Let us live by their example. We can acknowledge that oppression will always be with us, and still strive for justice. We can admit the intractability of depravation, and still strive for dignity. Clear-eyed, we can understand that there will be war, and still strive for peace. We can do that -- for that is the story of human progress; that's the hope of all the world; and at this moment of challenge, that must be our work here on Earth.

Thank you very much. (Applause.)

2:20 P.M. CET
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Thursday, December 10, 2009

President BHO at Oslo Nobel Peace Award 10 Dec 2009

Global7 the new Millennial Renaissance Vision for the Globe,0,3952920.story

Obama accepts Nobel Peace Prize as he defends the need for war
Obama acknowledges the irony of receiving the prize as he orders a troop buildup in Afghanistan.

He lauds past winners' commitment to nonviolence but says he can't follow their examples alone.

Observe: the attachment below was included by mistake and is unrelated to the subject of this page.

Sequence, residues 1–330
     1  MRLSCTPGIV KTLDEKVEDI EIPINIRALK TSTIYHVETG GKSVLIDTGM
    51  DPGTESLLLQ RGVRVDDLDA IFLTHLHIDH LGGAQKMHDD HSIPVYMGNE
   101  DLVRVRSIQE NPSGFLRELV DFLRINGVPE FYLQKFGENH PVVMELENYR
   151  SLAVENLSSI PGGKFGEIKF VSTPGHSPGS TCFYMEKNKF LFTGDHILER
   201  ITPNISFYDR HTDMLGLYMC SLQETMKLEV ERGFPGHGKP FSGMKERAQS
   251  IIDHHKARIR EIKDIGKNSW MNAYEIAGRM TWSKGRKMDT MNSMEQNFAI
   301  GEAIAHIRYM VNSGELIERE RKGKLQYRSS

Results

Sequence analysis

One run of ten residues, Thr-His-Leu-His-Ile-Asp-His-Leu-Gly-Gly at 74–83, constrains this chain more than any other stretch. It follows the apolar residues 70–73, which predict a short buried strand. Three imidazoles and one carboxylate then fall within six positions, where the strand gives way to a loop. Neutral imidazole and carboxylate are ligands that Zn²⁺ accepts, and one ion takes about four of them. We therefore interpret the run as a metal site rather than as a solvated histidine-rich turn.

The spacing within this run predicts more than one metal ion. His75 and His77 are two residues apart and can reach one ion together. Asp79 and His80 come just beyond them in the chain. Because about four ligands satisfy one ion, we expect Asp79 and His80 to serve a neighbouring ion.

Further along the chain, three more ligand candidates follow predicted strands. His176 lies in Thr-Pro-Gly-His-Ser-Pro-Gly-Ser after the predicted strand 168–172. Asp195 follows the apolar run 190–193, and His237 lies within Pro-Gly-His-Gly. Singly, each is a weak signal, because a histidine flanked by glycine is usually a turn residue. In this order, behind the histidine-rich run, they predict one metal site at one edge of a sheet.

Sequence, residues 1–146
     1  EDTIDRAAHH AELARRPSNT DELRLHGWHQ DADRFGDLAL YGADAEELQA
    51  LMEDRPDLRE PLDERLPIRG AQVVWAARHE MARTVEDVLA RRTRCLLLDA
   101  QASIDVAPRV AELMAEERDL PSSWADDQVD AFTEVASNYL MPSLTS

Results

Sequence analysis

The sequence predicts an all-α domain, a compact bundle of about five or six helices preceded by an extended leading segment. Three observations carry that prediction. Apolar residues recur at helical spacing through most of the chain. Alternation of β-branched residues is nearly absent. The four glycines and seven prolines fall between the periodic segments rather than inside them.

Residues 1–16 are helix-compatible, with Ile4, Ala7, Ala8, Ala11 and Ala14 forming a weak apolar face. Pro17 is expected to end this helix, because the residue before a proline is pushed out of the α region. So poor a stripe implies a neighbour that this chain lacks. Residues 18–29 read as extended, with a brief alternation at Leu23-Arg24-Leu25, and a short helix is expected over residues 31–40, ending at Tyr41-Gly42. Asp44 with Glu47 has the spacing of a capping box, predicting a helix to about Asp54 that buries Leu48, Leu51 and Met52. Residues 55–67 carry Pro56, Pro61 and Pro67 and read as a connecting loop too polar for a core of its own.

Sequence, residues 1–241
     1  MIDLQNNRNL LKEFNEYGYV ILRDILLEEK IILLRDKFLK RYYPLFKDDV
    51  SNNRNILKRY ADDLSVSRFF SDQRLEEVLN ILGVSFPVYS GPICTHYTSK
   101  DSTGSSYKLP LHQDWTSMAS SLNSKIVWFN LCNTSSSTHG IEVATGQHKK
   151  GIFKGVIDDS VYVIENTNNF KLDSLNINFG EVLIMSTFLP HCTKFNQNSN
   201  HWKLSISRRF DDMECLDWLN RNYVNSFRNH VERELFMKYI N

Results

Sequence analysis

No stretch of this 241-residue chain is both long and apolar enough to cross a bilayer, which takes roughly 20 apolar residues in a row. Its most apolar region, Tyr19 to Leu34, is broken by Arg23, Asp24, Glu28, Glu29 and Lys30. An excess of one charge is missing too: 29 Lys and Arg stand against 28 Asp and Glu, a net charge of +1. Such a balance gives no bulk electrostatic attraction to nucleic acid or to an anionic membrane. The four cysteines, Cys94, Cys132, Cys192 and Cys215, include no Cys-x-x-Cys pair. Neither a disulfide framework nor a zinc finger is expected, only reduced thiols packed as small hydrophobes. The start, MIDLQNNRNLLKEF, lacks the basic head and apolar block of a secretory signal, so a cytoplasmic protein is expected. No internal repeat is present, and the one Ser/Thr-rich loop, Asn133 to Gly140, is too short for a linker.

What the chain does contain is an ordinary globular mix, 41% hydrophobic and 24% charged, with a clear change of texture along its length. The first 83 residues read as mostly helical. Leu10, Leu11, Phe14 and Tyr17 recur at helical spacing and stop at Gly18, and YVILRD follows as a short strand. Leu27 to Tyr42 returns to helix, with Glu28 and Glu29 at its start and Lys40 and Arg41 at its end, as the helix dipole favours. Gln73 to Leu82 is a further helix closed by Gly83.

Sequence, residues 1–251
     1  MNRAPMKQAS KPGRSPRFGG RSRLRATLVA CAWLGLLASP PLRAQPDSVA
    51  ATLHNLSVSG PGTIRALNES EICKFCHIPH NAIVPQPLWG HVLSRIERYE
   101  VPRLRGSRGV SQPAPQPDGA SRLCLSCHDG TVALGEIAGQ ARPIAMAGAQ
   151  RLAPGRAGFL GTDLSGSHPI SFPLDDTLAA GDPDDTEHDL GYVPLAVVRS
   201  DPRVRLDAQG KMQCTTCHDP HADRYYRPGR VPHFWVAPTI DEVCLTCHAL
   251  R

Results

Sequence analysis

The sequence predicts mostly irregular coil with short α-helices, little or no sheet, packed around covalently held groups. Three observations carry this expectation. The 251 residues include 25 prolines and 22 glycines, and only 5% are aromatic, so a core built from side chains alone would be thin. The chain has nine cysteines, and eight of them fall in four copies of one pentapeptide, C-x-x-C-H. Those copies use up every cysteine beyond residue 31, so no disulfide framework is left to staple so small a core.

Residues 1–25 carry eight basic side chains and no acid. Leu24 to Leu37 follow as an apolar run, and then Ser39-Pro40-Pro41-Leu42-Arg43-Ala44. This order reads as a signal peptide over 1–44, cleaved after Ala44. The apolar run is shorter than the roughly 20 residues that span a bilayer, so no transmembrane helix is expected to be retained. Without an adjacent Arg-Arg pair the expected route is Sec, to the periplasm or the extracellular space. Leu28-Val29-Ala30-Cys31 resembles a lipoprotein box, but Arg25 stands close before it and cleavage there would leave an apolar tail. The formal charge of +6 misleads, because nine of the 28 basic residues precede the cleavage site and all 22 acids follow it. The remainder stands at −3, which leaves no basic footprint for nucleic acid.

By Christi Parsons

7:21 AM PST, December 10, 2009

Reporting from Oslo

President Obama accepted the Nobel Peace Prize here today, acknowledging the irony of winning it as a wartime president and calling his own accomplishments "slight" in comparison to past winners.

But in his speech to the Nobel Committee, Obama spoke of the concept of a "just war" and the pursuit of a "just peace," which he said sometimes depends on more than simply refraining from violence.

Lauding the commitment of past Nobel laureates to nonviolence, Obama said that, as a head of state and commander-in-chief of a military at war sworn to protect and defend his nation, he cannot follow their examples alone.